In an attempt to create more crock-pot recipes for my repertoire, as well as incorporate more greens into my kids, I came up with this pulled beef dish. Something about pairing beef with greens just seems appropriate to me.
Grass fed beef offers alpha-lipoic acid, CLA (an omega-6 fat that fights cancer and builds lean muscle tissue), omega-3 fats (which prevent obesity, diabetes, and heart disease), stearic acid (a saturated fat that lowers LDL), along with vitamins E and A. Keep in mind, saturated animals fats from healthy pasture raised animals are actually good for us. They are required for the absorption of calcium and other minerals. They also help us to actually assimilate the fat soluble vitamins A, D, E and K. Did you know, that saturated fats also help build our immune system by fighting harmful microbes, viruses and other pathogens? The fat in the beef and added fat of this dish help us to actually assimilate all that nutrition found in the kale. All that said, this dish is not only a culinary treat it’s an optimal meal nutrition wise as well!
This dish is nicely complimented with some of my creamy avocado lime dip. A match made to melt in your mouth. I find this Mexican Pulled Beef with Kale to be very easy to prepare and very versatile in that it can be made throughout the year. It can also be adapted for any eating style/plan, such as GAPS or Paleo as well.
- 3 lbs grass-fed chuck roast (can be slightly more or less)
- 1 - 6 oz. can organic tomato paste
- 1 -12 oz. package mushrooms, sliced
- 1 bunch organic kale, any variety you like, sliced in a chiffonade style (I used Dino Kale)
- 2 medium onions, halved and sliced thin
- 1 cup of homemade beef broth, plus additional stock as needed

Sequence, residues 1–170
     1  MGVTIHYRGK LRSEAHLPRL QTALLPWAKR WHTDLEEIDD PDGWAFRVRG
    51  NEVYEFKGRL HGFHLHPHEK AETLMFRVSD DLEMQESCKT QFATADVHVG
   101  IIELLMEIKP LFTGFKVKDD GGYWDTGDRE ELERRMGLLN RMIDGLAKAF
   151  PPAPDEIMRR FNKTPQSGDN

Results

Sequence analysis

- 8-10 cloves garlic, minced
- 1-2 jalapenos, minced (optional)
- 1-2 tablespoons lime zest (optional)
- 3 tablespoons ground cumin
- 1 tablespoon chili powder
- 1 tablespoon ground coriander
- 1 tablespoon of sea salt (plus more to taste when served)
- Cayenne pepper to taste
- Place roast in a large ziploc bag and add the cumin, chili powder, coriander, salt, cayenne and optional lime zest.
- Seal the bag and toss around shake and bake style until the meat is well coated.
- Meanwhile, add to the crockpot, sliced onions,garlic, mushrooms, garlic, tomato paste and beef stock.
- Place the roast on top of the veggies and turn the crock-pot on low for 6-7 hours.
- This roast can be done in 6½ hours, but can also be in there up to 10 if need be.
- If you are able, stir at least once or twice during the cooking time.
- One hour before finishing the roast, add in the thinly sliced kale. (If you want to hide the kale better, due to children that may revolt if they detect anything green, chop the kale very fine using a food processor and add it in, cook an additional 30 minutes). If you are going to be gone during the entire cooking time, you can go ahead and add up to ½ cup more stock to ensure it doesn't dry out.
- I also like to add a good hunk of butter at the end of the cooking time, about half a stick.
- Once the roast is done, scoop out the pieces of meat into a large bowl. Using two forks pull the meat apart until it is all shredded.
- Add back into the crockpot and stir well.
- Serve this burrito style with sprouted corn tortillas or in a bowl along with the Avocado Lime Dip. You could also serve this up on top of a green salad or over rice.
- I like to put half in the freezer for a second meal in the future!
Want more gluten-free slow cooker recipes? Check out my post ‘80 Gluten Free Slow Cooker Recipes‘!
From Your Freezer To Your Family; Slow Cooker Freezer Recipes – This is an eBook written by Stephanie of Mama and Baby Love. I picked up a copy and found it to be a great resource. It is 95% grain free and gluten free, and anytime a grain was involved (outside the extra recipe of Stephanie’s father-in-law’s empanadas) was as a side to add later after the main meal was cooked. Her second mini-ecookbook is 100% grain free. This book has a lot of great ideas, plus a plan to get meals prepped and put up in the freezer for easy meals later on. I think it’s an interesting concept, one I hope to implement in my life a bit more.
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